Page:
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Ubisoft Presidents Talks Innovation

Posted by: Matt Vella on March 12

ubi.jpgUbisoft Entertainment (UBSFF), that other French games giant, has been on a tear lately, riding a mix of well-known franchises such as Tom Clancy and Prince of Persia as well as innovative original titles like the recent Assassin’s Creed to new levels of profitability. Year over year, the company has grown revenues from $841 million to over $1 billion. And unlike competitors – nudge, nudge Electronic Arts (ERTS) – its revenue growth has coincided with a boost to the company’s bottom line, from $18 million to $62 million. In the third quarter alone, sales revenue was up a tidy 44.4%.

Aside from its standard hardcore offerings, the company is targeting casual and youth audiences to support this growth. Notably, the company has achieved a great percentage of its success with games for Nintendo’s (NTDOY) platforms – something other developers have told me privately is difficult given the Japanese company’s own strong lineup of games. In the third quarter, for instance, 28% of Ubisoft’s sales were from DS titles – compared to 12% on Wii, 19% on Sony’s (SNE) PS3, and 19% on Microsoft’s (MSFT) Xbox360. A host of neat DS titles are planned for this spring and early summer. The company is also expecting some 20% of its sales for the year will be “games for everyone,” i.e. not the most hardcore players.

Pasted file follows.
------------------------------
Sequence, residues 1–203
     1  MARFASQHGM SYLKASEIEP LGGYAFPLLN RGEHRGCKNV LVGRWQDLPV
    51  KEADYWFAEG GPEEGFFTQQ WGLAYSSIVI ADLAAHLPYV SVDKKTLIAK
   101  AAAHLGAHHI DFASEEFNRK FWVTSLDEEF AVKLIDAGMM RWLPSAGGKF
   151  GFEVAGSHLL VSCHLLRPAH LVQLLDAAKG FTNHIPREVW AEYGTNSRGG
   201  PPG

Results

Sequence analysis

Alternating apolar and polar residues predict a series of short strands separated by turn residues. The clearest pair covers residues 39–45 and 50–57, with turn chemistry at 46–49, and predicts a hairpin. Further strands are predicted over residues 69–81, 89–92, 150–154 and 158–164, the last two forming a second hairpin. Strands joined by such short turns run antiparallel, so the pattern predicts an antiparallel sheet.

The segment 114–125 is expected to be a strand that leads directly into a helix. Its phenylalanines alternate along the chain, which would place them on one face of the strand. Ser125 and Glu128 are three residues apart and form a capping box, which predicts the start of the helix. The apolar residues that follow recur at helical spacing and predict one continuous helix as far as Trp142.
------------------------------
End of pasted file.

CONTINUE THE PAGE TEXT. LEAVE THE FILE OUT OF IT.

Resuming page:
In this week’s Innovation of the Week podcast, I spoke with Laurent Detoc, Ubisoft North America’s president, about how the company’s surging profits have been driven by innovation and cross-genre experimentation embracing casual games and younger audiences. Click here to listen in.

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No longer child's play, the booming global games market is worth billions of dollars. In Games, Inc., BusinessWeek Innovation writer Matt Vella and Tokyo correspondent Kenji Hall analyze emerging business trends in video games and interactive entertainment. They’ll examine everything from button-mashing, chart-topping, console games to serious games commissioned by big corporations to train staff. They’ll also map the evolution of expansive virtual worlds and go behind the strategies at companies that are turning play into big business.

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